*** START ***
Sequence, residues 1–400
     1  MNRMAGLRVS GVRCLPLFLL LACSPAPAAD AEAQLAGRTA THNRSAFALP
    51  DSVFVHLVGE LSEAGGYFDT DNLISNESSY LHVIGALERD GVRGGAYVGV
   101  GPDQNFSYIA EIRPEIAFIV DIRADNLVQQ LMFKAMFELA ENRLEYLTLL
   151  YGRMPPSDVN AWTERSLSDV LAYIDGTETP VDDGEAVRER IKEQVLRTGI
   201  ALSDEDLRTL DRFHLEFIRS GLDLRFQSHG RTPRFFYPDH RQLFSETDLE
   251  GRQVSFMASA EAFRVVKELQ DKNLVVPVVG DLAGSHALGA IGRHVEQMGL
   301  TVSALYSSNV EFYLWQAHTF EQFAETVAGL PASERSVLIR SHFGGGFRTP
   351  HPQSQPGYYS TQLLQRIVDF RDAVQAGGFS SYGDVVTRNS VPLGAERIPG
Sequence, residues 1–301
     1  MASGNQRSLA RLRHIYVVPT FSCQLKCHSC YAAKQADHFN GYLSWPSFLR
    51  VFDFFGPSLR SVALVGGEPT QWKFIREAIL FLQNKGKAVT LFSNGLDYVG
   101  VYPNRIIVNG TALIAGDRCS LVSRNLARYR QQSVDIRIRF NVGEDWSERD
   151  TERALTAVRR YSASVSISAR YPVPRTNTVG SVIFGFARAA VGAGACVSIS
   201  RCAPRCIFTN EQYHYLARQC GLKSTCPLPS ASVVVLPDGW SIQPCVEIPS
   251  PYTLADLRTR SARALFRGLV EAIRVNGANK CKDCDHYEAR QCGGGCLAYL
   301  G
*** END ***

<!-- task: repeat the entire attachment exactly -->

Sequence, residues 1–400
     1  MNRMAGLRVS GVRCLPLFLL LACSPAPAAD AEAQLAGRTA THNRSAFALP
    51  DSVFVHLVGE LSEAGGYFDT DNLISNESSY LHVIGALERD GVRGGAYVGV
   101  GPDQNFSYIA EIRPEIAFIV DIRADNLVQQ LMFKAMFELA ENRLEYLTLL
   151  YGRMPPSDVN AWTERSLSDV LAYIDGTETP VDDGEAVRER IKEQVLRTGI
   201  ALSDEDLRTL DRFHLEFIRS GLDLRFQSHG RTPRFFYPDH RQLFSETDLE
   251  GRQVSFMASA EAFRVVKELQ DKNLVVPVVG DLAGSHALGA IGRHVEQMGL
   301  TVSALYSSNV EFYLWQAHTF EQFAETVAGL PASERSVLIR SHFGGGFRTP
   351  HPQSQPGYYS TQLLQRIVDF RDAVQAGGFS SYGDVVTRNS VPLGAERIPG
Sequence, residues 1–301
     1  MASGNQRSLA RLRHIYVVPT FSCQLKCHSC YAAKQADHFN GYLSWPSFLR
    51  VFDFFGPSLR SVALVGGEPT QWKFIREAIL FLQNKGKAVT LFSNGLDYVG
   101  VYPNRIIVNG TALIAGDRCS LVSRNLARYR QQSVDIRIRF NVGEDWSERD
   151  TERALTAVRR YSASVSISAR YPVPRTNTVG SVIFGFARAA VGAGACVSIS
   201  RCAPRCIFTN EQYHYLARQC GLKSTCPLPS ASVVVLPDGW SIQPCVEIPS
   251  PYTLADLRTR SARALFRGLV EAIRVNGANK CKDCDHYEAR QCGGGCLAYL
   301  G